Uttarakhand is a state in the north of India, often referred to as the ‘Land of the Gods’ due to the many temples and pilgrimages that are found throughout the region. Visitors from around India and all over the world come and enjoy the natural beauty of the Himalayas, nature, and all kinds of options ranging from rafting and bungee jumping to yoga and meditation. My visits to Kausani and Rishikesh reveals that amongst this there are also some individual leaders responsible for designing arts and development programmes to support local communities in a sustainable way, celebrating indigenous history and culture.
I am invited to spend a week at The Buransh Retreat, a new resort in Kausani, a hill town in the Kumaon region of Uttarakhand. Operating within the premises is The Himalaya Study Centre, a new project to develop the awareness and practice of art, culture, education and development combined in this area. This entirely new venture and building that started being constructed in 2011 is the brainchild of Threesh Kapoor, who formerly spent his life working in banking, but is a highly acclaimed photographer and always dreamed of doing something creative for his local area. His daughter Prasanna Kapoor is a dear friend of mine and works alongside her father to achieve this vision.
The location and views from the Buransh are breathtaking; each room has been designed to include a huge window from floor to ceiling so that visitors can wake up everyday to a magnificent view of the Himalayas. Every detail has been carefully considered, and the 19 suites are filled with Rajasthani furniture and added little luxuries such as electric blankets in the beds for cold winter nights. The hospitality is second to none and the restaurant boasts a range of Indian options prepared by a local chef. During their stay guests are exposed to the art and crafts of the local area.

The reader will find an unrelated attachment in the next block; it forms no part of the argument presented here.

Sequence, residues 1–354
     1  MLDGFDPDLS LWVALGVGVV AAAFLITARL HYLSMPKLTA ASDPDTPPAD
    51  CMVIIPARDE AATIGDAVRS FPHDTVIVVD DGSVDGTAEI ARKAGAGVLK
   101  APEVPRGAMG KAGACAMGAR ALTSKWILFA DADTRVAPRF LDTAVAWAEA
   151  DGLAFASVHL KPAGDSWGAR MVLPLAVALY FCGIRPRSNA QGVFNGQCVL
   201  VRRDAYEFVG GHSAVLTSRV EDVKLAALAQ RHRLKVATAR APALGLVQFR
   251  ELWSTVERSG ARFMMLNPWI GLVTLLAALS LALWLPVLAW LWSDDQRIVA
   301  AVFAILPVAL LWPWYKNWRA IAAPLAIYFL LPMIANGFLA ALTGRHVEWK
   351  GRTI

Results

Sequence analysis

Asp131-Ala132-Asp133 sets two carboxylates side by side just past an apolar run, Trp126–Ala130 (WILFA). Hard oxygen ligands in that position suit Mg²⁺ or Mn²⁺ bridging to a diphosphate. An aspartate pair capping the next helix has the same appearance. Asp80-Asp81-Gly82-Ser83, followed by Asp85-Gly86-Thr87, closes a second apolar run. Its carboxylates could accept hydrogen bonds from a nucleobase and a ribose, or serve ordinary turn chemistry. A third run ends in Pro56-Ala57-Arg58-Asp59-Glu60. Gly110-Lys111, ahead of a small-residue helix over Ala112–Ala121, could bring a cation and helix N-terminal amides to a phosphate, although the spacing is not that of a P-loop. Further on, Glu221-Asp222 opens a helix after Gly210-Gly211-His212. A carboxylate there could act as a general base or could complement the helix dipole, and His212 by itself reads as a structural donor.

My stay is during the Centre’s Buransh Mahotsav, an annual festival promoting tourism through art and culture. This is a success and attended by village locals, people from around the region as well as tourists from other cities in India. Handicrafts made in remote villages are promoted and sold, Threesh Kapoor’s photography of Uttarakhand’s nature and beauty is on display, young girls from the local area perform traditional songs, and women who spend their days as mothers and workers in the fields are encouraged to share and recite their poetry about their lives in Kausani. The role of eco-tourism is discussed to include the promotion of local flora, fauna and birds through bird-watching and photography.
My walks around any city, town or village often include much observation of the local people and how they live. The Buransh is set amongst the hills and a pleasant stroll will include bumping into many local people, living next to nature with a very simple lifestyle. I encounter Hamini on her way home from school, and admire the solar equipment outside her house that she explains is critical to provide energy for cooking food for the family. I see numerous women working in the fields here, and am told that this is the way of the land in Uttarakhand. Women generally do most of this work and also have responsibility for the family. It is good to see that The Buransh can offer a sense of community for these women and give them a platform to share their talents and practice and celebrate their creativity.
The Buransh and the adjoining arts and culture initiative demonstrates the importance of combining artistic and development projects. Celebrating, practicing and cultivating creativity in a sustainable way is critical to the development of both villages and cities, rural and urban areas alike. It’s inspiring to see the Kapoors putting their life savings, passion and commitment into this unique project, that is already and will continue to have an influential impact on its visitors for many years to come.
For more information about The Buransh visit www.theburansh.com